The journalist, Mariel Muller, was conducting an interview when the police shot her twice in the leg with a tear gas canister fired by a gun.
“Second time they hit me directly while we were doing an interview for DW,” she added.
A journalist, David Bett, who was also covering the protests told Kenyans.co.ke that the demonstrations, dubbed Njaa Revolution, were peaceful.
“It seems police officers were sent to ensure that it shouldn’t take place. So they came in and started throwing teargas at people around there,” he said.
The Foreign Press Association, Africa has strongly condemned the action by the Kenyan police. The association stated that it would not sit back while instances of abuse against journalists took place.
“Journalists should not become conspicuous targets for assault, arrest or intimidation by police especially when they are clearly identifiable as members of the press,” the association stated.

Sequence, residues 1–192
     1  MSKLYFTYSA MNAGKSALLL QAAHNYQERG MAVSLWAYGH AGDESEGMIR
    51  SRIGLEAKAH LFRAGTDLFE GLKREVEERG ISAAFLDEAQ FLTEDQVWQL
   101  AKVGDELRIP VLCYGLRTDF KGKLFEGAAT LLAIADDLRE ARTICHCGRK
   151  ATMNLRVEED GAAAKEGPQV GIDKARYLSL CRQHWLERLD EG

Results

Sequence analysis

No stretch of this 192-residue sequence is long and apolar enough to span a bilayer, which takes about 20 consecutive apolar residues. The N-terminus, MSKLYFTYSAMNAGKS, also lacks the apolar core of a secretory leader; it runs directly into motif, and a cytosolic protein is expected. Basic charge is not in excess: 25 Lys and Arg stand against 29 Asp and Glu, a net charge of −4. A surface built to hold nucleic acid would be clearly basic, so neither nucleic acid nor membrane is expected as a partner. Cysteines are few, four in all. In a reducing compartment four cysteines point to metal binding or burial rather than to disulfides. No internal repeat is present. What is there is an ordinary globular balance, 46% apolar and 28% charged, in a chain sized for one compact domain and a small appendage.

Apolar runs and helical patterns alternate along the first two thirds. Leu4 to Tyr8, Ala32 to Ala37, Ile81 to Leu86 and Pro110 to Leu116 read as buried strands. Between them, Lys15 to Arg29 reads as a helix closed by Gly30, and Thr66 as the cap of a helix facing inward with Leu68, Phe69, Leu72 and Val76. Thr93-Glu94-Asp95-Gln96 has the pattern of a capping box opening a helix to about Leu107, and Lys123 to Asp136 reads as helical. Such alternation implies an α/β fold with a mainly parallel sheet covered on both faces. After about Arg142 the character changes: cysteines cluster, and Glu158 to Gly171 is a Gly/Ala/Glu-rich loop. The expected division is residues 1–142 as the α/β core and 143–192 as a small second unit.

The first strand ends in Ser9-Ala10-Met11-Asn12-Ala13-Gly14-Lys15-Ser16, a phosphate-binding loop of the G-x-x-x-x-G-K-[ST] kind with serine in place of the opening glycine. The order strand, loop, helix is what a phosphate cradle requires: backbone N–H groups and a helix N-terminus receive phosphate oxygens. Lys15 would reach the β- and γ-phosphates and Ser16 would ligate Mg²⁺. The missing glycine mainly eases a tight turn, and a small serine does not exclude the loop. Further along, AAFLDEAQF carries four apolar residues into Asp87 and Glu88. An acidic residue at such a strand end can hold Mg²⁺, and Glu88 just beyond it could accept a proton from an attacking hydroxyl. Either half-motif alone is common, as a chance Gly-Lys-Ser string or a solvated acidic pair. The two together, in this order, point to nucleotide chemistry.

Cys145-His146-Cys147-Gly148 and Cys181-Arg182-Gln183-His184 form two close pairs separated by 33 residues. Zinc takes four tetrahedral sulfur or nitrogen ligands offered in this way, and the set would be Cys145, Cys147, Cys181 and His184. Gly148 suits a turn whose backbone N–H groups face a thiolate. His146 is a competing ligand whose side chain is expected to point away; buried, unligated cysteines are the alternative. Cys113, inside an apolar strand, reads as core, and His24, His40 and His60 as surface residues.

Part of the issues the protestors wanted to be addressed included; lifting of the partial lockdown and dusk to dawn curfew, provision of food for everyone, an immediate end to police killings and brutality and state repression.
Others included; access to free and quality healthcare, provision of clean water, decent housing, equitable access to jobs, free education, an immediate end to gender based violence and others.
The hashtag, “#PeoplesMarchToStateHouse”, trended the better part of Friday, April 30, with activists demanding that their voices be heard.
President Uhuru Kenyatta has since lifted the cessation of movement and the reduced curfew hours from 8pm to 4am to 10pm to 4am.